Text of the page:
The Clean Energy Council and its members from the Australian wind farm industry are committed to working respectfully with wind farm communities, during wind farm development, construction, operation and end of life decommissioning.
The Australian wind farm industry takes decommissioning very seriously. No wind farm owner has ever abandoned a wind farm in Australia and the industry does not intend to ever allow this to happen. It is important to emphasise that abandonment of wind farms is not the Australian experience, and that there are no examples in Australia.
A wind farm is expected to have an operational life of approximately 20 to 30 years. After this time, the project owner will either decommission the site, restoring the area to its previous land use, or negotiate with landowners to repower or upgrade the equipment and extend the wind farm’s operational lifespan.
Decommissioning means that the wind turbines, site office and any other ancillary infrastructure is removed from the site, and roads and foundation pads are covered and revegetated, allowing land to be returned to its former use.
Sometimes parts of the wind farm that continue to serve a functional purpose may be left in place, such as the substation or access tracks. What remains will be negotiated and agreed with the landowners. In many cases, access tracks have become a desirable part of the landowner’s property and the landowner wishes for them to remain.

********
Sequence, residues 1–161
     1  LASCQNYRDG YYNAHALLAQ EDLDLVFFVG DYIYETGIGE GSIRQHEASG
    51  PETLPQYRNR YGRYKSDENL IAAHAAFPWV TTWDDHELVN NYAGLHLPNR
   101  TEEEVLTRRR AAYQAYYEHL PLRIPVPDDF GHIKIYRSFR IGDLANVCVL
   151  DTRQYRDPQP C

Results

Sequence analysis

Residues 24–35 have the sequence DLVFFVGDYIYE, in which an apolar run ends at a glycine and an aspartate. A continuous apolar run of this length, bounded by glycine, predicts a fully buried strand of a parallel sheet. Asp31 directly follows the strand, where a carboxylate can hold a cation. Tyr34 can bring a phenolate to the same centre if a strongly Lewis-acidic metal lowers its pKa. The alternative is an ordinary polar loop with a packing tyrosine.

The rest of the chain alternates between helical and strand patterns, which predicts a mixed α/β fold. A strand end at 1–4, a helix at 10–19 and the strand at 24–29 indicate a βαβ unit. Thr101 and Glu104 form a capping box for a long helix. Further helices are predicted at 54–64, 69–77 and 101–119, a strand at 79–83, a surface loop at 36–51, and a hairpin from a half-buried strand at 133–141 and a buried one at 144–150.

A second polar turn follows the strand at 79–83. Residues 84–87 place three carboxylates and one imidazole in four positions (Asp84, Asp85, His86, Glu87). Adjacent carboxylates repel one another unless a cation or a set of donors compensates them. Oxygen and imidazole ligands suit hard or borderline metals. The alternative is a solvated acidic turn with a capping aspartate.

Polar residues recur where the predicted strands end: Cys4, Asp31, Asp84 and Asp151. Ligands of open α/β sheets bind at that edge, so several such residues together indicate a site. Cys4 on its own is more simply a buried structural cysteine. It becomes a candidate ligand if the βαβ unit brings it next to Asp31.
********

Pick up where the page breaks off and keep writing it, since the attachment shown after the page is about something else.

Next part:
The decommissioning of the site is the responsibility of the owner of the wind farm. Generally, Development Approvals and landowner contracts contain clauses explicitly setting out the amount of time between the wind farm’s operational end of life and the decommissioning, and the expectations around rehabilitating the site. Typically, approval conditions also require decommissioning to be undertaken within a given timeframe of operations permanently ceasing to operate.
The Clean Energy Council and our members can ensure fair treatment of landholders after a wind farm ceases to operate. For each wind farm the owner will:
A simple decommissioning plan should be created at the time at which a lease is signed with the landowner, and prior to construction. The plan should be reviewed in the final years of the lease to add detail around timing and funding, and to update any changes that are agreed between the parties. In the final years of the lease, the wind farm owner will ensure that financial arrangements are made to allow decommissioning to take place as agreed.
The following are relevant considerations for new wind farm developments in creating the decommissioning plan:
In the unlikely event that the wind farm company doesn’t commence substantial decommissioning and remediation works within 12 months of turbines no longer generating permanently, control of the decommissioning fund or other financial security should be given to the landowners or to an administrator as agreed between the parties to complete the decommissioning.